The music of the Gabriele Mirabassi Trio from the Rocca del Leone in Castiglione del Lago.
The trio led by Gabriele Mirabassi closes the first series of ‘JazzLife, Life in J major‘, the format conceived by Umbria Jazz and promoted by the Ministry of Foreign Affairs, with a concert set in the Rocca del Leone in Castiglione del Lago with:
- Gabriele Mirabassi – Clarinet
- Nando Di Modugno – Guitar
- Pierluigi Balducci – Acoustic bass guitar
Gabriele Mirabassi is an Italian clarinet player who is equally at ease with both classical music and jazz. In recent years, his work has focused on Brazilian and South American instrumental folk music. He systematically collaborates with artists in very different fields, participating in theatre and dance projects and singer-songwriting. On the jazz scene, he has played with: Richard Galliano, Enrico Rava, Enrico Pieranunzi, Marc Johnson, Guinga, André Mehmari, and many others; in the field of classical music, with great names such as John Cage, Mario Brunello, Andrea Lucchesini, Marco Rizzi, Marchigiana Philharmonic Orchestra, Abruzzo Symphony Institution, Banda Sinfonica do Estado de Sao Paoulo, Ensemble Conductus and Bruno Maderna Orchestra.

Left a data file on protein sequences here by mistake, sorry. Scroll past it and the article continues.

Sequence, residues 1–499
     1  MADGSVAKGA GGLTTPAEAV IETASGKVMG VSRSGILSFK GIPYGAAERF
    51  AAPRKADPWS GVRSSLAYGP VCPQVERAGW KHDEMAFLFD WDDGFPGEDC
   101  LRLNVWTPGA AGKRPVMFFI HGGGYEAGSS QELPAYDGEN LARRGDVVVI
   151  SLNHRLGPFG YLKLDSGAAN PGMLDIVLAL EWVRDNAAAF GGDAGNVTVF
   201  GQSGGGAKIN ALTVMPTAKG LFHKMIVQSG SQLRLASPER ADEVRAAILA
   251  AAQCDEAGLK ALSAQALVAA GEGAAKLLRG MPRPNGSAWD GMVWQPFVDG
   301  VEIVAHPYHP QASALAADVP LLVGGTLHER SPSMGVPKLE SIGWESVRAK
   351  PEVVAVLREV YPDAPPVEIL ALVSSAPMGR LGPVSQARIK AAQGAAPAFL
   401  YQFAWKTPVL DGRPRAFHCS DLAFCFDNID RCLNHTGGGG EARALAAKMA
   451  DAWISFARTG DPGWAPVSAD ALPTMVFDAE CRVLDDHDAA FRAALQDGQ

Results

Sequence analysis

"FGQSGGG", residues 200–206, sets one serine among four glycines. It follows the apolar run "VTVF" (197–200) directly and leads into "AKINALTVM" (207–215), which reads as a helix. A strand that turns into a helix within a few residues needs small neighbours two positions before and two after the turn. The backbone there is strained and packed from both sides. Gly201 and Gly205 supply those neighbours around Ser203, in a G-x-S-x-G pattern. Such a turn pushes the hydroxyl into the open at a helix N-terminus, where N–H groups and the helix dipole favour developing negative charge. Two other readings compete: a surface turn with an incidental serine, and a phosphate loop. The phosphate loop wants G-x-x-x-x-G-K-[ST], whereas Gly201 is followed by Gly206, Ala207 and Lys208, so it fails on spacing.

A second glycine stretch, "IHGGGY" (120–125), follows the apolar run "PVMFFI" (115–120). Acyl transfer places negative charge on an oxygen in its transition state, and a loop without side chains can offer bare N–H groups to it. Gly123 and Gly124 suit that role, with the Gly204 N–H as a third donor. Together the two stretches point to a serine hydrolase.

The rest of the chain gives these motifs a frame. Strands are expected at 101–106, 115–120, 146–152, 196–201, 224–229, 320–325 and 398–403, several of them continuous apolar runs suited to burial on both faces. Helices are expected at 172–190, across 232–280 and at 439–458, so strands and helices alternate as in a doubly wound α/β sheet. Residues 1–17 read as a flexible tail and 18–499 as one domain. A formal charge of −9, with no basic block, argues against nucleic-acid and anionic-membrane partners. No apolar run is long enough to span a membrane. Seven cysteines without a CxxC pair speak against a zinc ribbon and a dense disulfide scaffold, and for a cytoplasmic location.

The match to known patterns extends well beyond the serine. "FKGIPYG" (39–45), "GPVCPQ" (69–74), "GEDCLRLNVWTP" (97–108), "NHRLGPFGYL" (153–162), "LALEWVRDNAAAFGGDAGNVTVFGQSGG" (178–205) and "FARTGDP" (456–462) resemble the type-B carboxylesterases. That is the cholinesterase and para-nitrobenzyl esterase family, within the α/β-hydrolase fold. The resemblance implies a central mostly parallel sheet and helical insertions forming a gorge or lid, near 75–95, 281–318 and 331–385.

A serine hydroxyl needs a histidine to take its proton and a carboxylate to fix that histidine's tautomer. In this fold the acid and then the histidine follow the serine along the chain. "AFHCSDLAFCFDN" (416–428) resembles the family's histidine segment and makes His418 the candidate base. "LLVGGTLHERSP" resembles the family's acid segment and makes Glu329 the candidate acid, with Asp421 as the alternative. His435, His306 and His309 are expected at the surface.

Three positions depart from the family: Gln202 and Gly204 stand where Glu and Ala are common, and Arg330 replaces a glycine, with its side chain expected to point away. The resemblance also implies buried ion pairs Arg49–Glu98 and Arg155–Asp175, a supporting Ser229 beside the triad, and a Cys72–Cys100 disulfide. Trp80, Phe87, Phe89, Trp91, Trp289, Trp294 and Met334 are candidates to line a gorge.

Accompanied by Nando Di Modugno on guitar and Pierluigi Balducci on acoustic bass guitar, Mirabassi is the author of ‘Amori sospesi‘: a magical project, where the music becomes a crossroads of peoples and cultures, land of open arms, true place of the soul. An evocative and fascinating musical journey from the Mediterranean to South America, with echoes of jazz, folklore and classical tradition.
The place chosen for this concert is equally suggestive: the Rocca del Leone, which dominates the eastern area of Castiglione del Lago, towards Lake Trasimeno. The fortress stands on the ruins of the Castello del Leone, which was destroyed during the war between Perugia and Arezzo at the end of the 12th century. The current structure is in the shape of an irregular pentagon with four towers at the main corners. Works to build the fortress began at the start of the 13th century, under Emperor Frederick II of Swabia, as part of the central defence system that, starting in Puglia, ran right across Italy. Like all strategically important castles, it suffered several attacks and underwent as many restorations. Among them, in 1554, Ascanio I created a series of Italian gardens inside the castle walls, and replaced two towers with cylindrical ramparts; he also commissioned the noble palace, built from restored 14th-century buildings, apparently based on a design by Vignola.